The Academic Thugs

I’ve had a few run ins with people I refer to as “boy-scientists” (people whose enthusiasm for all things scientific overwhelms their ability to see things in the correct perspective) here though I do restrain myself because people tend to form the impression that I am anti – science and nothing could be further from the truth.

All we need to remember is that a science is a formal and classified body of knowledge. What I object to is the attitude of people who talk about “scientific methodology” and the “scientific way of thinking” as if parrotting these cliches makes a person’s opinion worth more that that of somebody who says “well that’s how it seems to me, based on my experiences.”

Now OK, I admit I go out of my way to provoke the boy-scientists and get them to reveal that their attitude stems from a deeply held belief that a certain kind of education makes one superior to people who followed a different path. As Oscar Wilde said, “Nothing worth knowing can possibly be taught.”

I am not the only one who feels there is a concerted attempt to create a new academic elite to replace the old aristocracy. In the USA the trend has even been spotted in the election campaign. Here’s an interesting article from Pajamas Media (their spelling) on a particularly warped theory expounded by liberal academics and is gaining currency.

It concerns Barak Obama’s stated intention to change the U.S. Constitution so that rather than all people being equal before the law, the courts are bound to favour “the weak against the strong.”

Yeah, you read that right.

Whining Academics

Crazier and crazier

The religious hysteria whipped up by The Obamessiah’s election campaign is just getting go insane I can’t write about it.

The Socialist International – Barbara Eichenreich cooks up a theory of right wing conspiracies because John McCain had the audacity to say he thought he would be a better President that his opponent. Poor Johnny Mac, he forgot The Obamessish is the anointed of God and must not be questioned. What would the Democrats be like if The Republicans had managed to find a credible candidate.

Why This recession will be a doozy – Henry Blodget.
Meanwhile the news on the global economy and the financial just gets worse. The glass is not half empty, it is lying on the floor shattered, its contents spilled.

The Obamessiah’s plan for free healthcare

Not a post that concerns UK readers but it amuses me to post blogs critical of Obama just to see how quickly some little Obamabot will turn up (one of his Fast Action Response Team – sorry I mean Vapid Rebuttal Squad maybe – to tell me I’m an evil person and that The Obamessiah is the anointed of God, he walks on water and his farts smell of perfume.

Tell a lie big enough and often enough and it will become true. Adolf Hitler said something close to that. Keep it in mind.

A phrase that is the basis of The Obamessiah’s misrepresentation’s, lies and deceptions about European health care systems holds that Britain, Canada and European nations benefited not just from their universal health care systems, but from being societies in which health care is rightly regarded as a human right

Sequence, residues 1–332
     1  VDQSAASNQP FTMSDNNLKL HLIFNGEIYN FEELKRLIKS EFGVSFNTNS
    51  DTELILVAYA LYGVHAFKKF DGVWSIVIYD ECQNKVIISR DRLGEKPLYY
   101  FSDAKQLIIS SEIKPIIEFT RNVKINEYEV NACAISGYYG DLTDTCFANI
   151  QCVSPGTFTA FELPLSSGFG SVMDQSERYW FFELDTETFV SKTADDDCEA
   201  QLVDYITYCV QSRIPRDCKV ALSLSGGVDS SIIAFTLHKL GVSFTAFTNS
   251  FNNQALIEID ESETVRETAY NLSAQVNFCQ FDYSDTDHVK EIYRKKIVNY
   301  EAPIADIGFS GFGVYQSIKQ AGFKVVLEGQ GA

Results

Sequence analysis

I have always found American right wing complaints that Sen. Obama is a socialist risible but the tone of the campaign makes me aware of some similarities with one European Socialist party of the 20th century, the National Socialists. Consider the messianic persona the candidate has adopted, the ruthless management of media to suppress criticism and the manipulation of information in a way that creates hysteria among followers.

But let’s look at the healthcare issue.

Healthcare is not a basic human right, access to healthcare is. Healthcare in Europe is not free, it is free at the point of delivery because of state run health insurance systems. In Britain our National Insurance contributions are a ring fenced tax, part of which funds the “free at the point of delivery” healthcare you take for granted but do not understand. Those of us who earn enough pay (and most of us are happy to) this tax to provide both ourselves and the less well off on whose work we often depend for essential services, with healthcare, unemployment and sickness benefits and pensions.

If The Obamessiah was capable of telling the truth about anything he would be admitting that the taxes paid by every American earning above minimum wage would rise by at least ten per cent to fund his healthcare plans alone. Try selling that to Joe the Plumber.

Obama is not a socialist, his policies and campaign style reveal his is closer to the philosophy of the National Socialists. With McCain as the only alternative America is truly up shit creek. We socialist Europeans are willing to fund a Universal Healthcare System because we know that a serious illness could bankrupt a family, result in the loss of the family home, devastation of savings and investments and because of the limitations of private healthcare insurance leave patients not only ill but impoverished. National healthcare provides care according to need but it sure as hell ain’t free.